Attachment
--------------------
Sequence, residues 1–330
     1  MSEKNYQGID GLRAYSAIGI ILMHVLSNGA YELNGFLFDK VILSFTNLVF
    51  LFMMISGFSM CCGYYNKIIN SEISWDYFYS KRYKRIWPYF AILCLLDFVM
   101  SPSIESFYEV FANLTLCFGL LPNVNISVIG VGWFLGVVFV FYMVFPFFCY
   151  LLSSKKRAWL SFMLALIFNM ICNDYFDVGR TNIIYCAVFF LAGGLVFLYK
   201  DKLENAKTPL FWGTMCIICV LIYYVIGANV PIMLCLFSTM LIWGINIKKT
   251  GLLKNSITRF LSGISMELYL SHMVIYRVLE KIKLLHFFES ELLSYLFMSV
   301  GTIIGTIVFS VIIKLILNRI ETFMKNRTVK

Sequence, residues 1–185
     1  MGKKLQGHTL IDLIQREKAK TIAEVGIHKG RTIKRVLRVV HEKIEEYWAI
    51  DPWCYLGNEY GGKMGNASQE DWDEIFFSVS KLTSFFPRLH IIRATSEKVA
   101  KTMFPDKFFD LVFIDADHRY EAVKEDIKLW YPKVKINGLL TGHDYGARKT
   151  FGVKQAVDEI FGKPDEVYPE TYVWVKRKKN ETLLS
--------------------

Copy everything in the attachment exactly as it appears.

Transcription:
Sequence, residues 1–330
     1  MSEKNYQGID GLRAYSAIGI ILMHVLSNGA YELNGFLFDK VILSFTNLVF
    51  LFMMISGFSM CCGYYNKIIN SEISWDYFYS KRYKRIWPYF AILCLLDFVM
   101  SPSIESFYEV FANLTLCFGL LPNVNISVIG VGWFLGVVFV FYMVFPFFCY
   151  LLSSKKRAWL SFMLALIFNM ICNDYFDVGR TNIIYCAVFF LAGGLVFLYK
   201  DKLENAKTPL FWGTMCIICV LIYYVIGANV PIMLCLFSTM LIWGINIKKT
   251  GLLKNSITRF LSGISMELYL SHMVIYRVLE KIKLLHFFES ELLSYLFMSV
   301  GTIIGTIVFS VIIKLILNRI ETFMKNRTVK

Sequence, residues 1–185
     1  MGKKLQGHTL IDLIQREKAK TIAEVGIHKG RTIKRVLRVV HEKIEEYWAI
    51  DPWCYLGNEY GGKMGNASQE DWDEIFFSVS KLTSFFPRLH IIRATSEKVA
   101  KTMFPDKFFD LVFIDADHRY EAVKEDIKLW YPKVKINGLL TGHDYGARKT
   151  FGVKQAVDEI FGKPDEVYPE TYVWVKRKKN ETLLS